When the daughters and niece of Samuel Parris, village minister, began their “afflictions”—antics of fits, cho0king, crying, and pretending to be pinched and pricked—they were probably just expanding their games, “sport” and childish copycatting for the benefit of their peers.
This “play” seemed to evolve in frequent meetings with Tituba, a Carib domestic employed in the Parris household. Here she entertained the girls with stories of West Indian magic, charms and enchantments. However, when adults started to observe these activities, and especially one day when the three girls were found cringing, crying and convulsing under chairs in the Parris’s house, the afflicted young girls and women were taken much more seriously.
With Salem’s mounting difficulties and increasing reports of “spectral” appearances throughout the region, observers came to believe the girls’ behaviors were authentic bewitchments. Perceiving the powerful effect of their acting—now more than half serious—on the adults around them, a vicious circle of mounting drama, fear and belief affected all the participants and observers.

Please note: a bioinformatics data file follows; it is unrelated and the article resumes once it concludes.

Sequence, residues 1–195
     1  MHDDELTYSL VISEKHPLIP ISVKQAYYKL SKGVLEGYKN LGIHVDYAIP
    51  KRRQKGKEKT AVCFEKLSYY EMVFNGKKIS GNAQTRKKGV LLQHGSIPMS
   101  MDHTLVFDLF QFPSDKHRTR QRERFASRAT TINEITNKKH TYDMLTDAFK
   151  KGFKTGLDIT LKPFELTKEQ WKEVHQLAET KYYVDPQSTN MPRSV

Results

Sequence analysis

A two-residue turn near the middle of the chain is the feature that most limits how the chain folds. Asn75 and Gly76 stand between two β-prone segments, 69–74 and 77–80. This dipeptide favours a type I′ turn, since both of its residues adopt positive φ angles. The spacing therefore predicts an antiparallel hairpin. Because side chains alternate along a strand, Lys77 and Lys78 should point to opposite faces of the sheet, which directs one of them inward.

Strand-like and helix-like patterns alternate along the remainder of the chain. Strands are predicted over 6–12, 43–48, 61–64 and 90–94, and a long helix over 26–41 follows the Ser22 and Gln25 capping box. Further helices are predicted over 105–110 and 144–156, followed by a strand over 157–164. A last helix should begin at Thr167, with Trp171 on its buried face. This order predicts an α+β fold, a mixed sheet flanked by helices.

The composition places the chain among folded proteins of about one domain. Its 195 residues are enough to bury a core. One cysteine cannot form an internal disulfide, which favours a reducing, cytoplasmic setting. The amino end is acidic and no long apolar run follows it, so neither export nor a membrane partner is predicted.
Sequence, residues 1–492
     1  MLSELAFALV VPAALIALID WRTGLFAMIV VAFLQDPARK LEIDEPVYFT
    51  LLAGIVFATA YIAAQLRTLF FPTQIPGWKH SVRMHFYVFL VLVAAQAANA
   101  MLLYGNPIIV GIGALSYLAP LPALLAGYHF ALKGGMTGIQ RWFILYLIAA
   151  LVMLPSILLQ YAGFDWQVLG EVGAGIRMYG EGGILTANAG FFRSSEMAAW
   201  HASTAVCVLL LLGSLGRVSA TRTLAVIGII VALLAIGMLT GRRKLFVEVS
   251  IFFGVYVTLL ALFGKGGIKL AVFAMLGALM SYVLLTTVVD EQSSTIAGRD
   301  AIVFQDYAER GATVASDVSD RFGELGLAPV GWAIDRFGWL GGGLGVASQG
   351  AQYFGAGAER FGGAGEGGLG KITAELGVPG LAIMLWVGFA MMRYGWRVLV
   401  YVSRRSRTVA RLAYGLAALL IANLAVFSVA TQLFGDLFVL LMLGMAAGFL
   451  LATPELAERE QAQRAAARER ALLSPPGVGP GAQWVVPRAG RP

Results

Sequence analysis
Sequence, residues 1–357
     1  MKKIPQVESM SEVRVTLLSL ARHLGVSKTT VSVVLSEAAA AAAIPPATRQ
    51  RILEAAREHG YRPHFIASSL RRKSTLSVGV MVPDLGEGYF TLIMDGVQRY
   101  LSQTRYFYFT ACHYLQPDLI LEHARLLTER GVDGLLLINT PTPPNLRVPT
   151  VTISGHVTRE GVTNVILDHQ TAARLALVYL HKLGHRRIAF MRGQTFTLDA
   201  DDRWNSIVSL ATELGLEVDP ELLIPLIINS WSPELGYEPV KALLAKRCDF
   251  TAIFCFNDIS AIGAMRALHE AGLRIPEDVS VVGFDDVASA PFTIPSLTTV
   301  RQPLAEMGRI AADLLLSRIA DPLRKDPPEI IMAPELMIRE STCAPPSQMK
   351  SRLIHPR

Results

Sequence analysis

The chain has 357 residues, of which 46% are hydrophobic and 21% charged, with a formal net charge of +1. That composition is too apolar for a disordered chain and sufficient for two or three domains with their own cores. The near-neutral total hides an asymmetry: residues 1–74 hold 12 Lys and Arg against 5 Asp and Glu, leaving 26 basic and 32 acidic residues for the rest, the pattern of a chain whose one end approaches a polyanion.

The “afflicted” now began pointing out specters in the presence of others, and began “crying out” or naming them whether they were close at hand or at a distance. Specters and witches, witches’ familiars, and the Devil’s troops seemed to be operating everywhere in the environment. What started as a simple child’s charade or a game of cat’s cradle with a few interwoven strings in play became a sweeping hysteria entangling many lives in a deadly set of consequences.